• High-risk liability – Uber obtained coverage from a commercial vehicle insurance provider in Mexico for almost $300,000 worth of coverage.  All of this was swell, but the issue arose when the U.S. couldn’t control, or provide coverage for, the Mexican Uber drivers that entered the U.S. with passengers.
  • It was challenging to be confident both the passenger and the driver were carrying the proper documentation requirements.
  • Essentially–getting there was easy, but the difficulty of the driver getting back led to UberPASSPORT’s demise.

How Crossing the Border Works Now

After the test project (UberPASSPORT) failed, new terms of service were published.

 Now, if you wanted to return to the United States side of the border, you are instructed by Uber to:

  1. Have your passport and all documentation in hand.
  2. Call an Uber in Tijuana to the Border Crossing Called San Ysidro International Border.
  3. Cross the pedestrian lane
  4. Then request a new Uber on the San Diego side to your American destination.

It will work the same for every international border in the world. You will leave one car, cross the border, and then request a new ride. This policy is the safest course of action and saves the driver time spent trying to commute over the border.

We recommend you follow this protocol to avoid putting yourself and your driver at risk.

Uber-Driver Discretion

Again – many drivers have indicated that the decision to cross a border is at their discretion. It is their car after all, and if they want to take you, there’s no law stopping them.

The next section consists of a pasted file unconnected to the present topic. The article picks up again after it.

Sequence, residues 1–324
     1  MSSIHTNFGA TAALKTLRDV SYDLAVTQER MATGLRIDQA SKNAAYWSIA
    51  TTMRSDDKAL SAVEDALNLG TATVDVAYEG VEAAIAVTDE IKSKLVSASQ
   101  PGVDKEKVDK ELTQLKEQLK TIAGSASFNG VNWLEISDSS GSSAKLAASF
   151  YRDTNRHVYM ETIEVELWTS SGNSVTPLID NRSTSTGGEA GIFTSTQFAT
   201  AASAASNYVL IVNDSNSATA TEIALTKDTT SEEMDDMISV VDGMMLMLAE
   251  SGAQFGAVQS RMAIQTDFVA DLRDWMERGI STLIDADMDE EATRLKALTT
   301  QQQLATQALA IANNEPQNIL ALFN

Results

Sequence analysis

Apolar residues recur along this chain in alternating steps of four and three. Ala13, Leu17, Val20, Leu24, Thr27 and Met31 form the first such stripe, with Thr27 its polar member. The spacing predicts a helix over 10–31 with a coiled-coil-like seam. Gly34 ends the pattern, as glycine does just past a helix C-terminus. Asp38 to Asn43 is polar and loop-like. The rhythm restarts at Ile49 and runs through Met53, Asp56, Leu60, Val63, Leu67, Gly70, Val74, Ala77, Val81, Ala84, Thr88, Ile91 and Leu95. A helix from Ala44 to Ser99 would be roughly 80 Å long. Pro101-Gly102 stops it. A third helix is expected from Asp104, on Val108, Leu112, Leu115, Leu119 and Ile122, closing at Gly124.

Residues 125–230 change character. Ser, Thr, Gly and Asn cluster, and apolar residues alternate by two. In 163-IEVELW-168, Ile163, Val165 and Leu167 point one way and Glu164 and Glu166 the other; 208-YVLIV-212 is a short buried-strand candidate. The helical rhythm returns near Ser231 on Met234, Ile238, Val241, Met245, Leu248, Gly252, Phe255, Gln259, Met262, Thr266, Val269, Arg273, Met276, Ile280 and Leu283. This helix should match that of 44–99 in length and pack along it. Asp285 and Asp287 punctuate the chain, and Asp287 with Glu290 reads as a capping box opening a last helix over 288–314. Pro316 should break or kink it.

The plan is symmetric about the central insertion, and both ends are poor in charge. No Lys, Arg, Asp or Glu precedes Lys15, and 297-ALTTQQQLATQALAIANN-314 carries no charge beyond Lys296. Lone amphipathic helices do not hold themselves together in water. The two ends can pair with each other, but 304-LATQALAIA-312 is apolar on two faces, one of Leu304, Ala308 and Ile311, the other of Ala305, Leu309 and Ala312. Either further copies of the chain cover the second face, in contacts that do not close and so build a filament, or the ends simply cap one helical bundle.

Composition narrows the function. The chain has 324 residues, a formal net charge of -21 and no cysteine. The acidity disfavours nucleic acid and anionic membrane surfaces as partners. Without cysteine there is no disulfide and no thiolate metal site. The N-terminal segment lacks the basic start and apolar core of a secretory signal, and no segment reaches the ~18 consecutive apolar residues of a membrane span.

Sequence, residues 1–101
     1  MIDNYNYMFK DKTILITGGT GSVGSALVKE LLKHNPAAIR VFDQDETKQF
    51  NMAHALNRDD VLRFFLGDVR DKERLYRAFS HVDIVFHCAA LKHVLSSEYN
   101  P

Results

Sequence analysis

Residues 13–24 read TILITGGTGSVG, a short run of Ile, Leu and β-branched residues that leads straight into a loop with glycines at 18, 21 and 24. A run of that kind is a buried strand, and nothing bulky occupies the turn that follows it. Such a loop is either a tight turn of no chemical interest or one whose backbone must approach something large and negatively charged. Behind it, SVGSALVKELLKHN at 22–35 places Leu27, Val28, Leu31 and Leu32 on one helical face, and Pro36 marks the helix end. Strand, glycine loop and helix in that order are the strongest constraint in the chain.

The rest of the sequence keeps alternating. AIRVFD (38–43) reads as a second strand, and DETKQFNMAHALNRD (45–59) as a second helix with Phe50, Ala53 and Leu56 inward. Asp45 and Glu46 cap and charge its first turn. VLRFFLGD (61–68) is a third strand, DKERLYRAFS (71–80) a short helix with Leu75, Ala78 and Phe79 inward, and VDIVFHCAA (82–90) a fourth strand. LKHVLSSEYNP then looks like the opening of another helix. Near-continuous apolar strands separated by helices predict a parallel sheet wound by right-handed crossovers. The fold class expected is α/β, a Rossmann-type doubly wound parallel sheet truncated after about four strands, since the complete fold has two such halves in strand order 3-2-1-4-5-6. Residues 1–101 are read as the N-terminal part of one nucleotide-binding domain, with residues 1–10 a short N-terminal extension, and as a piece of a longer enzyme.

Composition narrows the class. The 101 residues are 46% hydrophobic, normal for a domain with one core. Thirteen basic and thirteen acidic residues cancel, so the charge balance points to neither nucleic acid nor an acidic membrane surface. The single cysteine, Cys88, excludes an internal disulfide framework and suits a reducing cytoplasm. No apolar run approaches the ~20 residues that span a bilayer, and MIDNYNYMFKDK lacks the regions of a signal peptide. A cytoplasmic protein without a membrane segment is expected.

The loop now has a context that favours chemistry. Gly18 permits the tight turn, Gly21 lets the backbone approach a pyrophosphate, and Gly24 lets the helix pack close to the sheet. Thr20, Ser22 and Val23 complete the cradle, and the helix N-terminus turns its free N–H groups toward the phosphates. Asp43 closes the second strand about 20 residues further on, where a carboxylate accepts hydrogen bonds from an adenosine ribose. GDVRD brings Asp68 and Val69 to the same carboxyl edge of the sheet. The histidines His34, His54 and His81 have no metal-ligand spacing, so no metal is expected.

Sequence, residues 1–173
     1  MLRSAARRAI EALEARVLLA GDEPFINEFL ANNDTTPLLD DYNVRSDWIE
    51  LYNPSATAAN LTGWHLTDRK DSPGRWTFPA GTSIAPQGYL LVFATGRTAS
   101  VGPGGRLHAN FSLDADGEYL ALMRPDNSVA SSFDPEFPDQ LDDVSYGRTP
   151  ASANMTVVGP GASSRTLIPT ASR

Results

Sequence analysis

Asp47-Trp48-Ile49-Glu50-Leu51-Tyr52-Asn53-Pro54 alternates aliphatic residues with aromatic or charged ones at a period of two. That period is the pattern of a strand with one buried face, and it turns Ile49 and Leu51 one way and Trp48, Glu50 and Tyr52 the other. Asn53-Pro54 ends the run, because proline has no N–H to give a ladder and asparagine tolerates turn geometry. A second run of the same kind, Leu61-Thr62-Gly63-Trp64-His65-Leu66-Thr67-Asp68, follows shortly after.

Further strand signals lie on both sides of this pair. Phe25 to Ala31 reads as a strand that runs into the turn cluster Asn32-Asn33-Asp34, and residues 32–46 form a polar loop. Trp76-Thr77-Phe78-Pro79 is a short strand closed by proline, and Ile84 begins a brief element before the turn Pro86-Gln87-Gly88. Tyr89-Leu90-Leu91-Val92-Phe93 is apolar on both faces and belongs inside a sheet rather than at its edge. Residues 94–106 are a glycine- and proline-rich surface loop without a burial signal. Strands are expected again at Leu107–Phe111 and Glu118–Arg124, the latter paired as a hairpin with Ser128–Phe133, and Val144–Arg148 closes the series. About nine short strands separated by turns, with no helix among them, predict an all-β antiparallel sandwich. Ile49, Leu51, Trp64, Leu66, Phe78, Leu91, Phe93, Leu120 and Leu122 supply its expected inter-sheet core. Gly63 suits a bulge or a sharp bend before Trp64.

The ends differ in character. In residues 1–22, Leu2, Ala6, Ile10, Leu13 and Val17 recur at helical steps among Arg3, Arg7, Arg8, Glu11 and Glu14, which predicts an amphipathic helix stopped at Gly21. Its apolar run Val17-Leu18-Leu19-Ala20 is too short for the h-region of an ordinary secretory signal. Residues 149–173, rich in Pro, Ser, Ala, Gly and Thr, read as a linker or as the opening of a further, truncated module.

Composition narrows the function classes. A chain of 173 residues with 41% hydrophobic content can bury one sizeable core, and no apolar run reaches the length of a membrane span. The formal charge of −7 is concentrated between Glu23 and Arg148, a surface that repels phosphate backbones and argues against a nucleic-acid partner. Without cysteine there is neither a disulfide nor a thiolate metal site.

If your Uber driver does want to take you across the border, he or she will need to have their passport as well. There are still some drivers who choose to provide this service and are comfortable with the process.

Another valid point brought up commonly is that the Uber driver can see the destination when you submit the request. If they don’t want to accept your request, they don’t have to.  A driver who accepts your request is likely aware of the assignment ahead.  They could easily choose to ignore your request, citing Uber policy.

Keep in mind as the passenger, since the UberPASSPORT program ended, you will not be insured or protected in any way by Uber.

This cross border service is not within Uber’s terms of service agreement, so you are on your own when it comes to individual risk, having international insurance, and personal liability. Uber will in no way be held liable for the risk you take once you cross the border. 

We are in no way recommending that you try to convince an Uber driver to take you across the border. It is 100% their discretion.  You cannot force a driver to take that risk if they don’t want to.

Documentation Required to Cross (With or Without Uber)

Documentation requirements are different depending on how you are entering (air, land, or sea) a country. They also vary widely from one country to the next. It is challenging to get from Mexico to the United States, but going from the United States into Canada isn’t a walk in the park either.

Crossing the Border Generally

Generally, you will need:

Important to note: Since 2009, you can no longer cross the border with just your birth certificate.

The U.S. to Canada

Usually, if you are a Canadian citizen, they won’t prevent a citizen from entering their home country, even if a small portion of the documentation is not present. If you do not have all documentation, you can expect secondary or tertiary screenings and long delays.

Crossing the border from the United States into Canada:

  • Americans need – A Passport or Passport Card, and birth certificate or something to prove your American citizenship.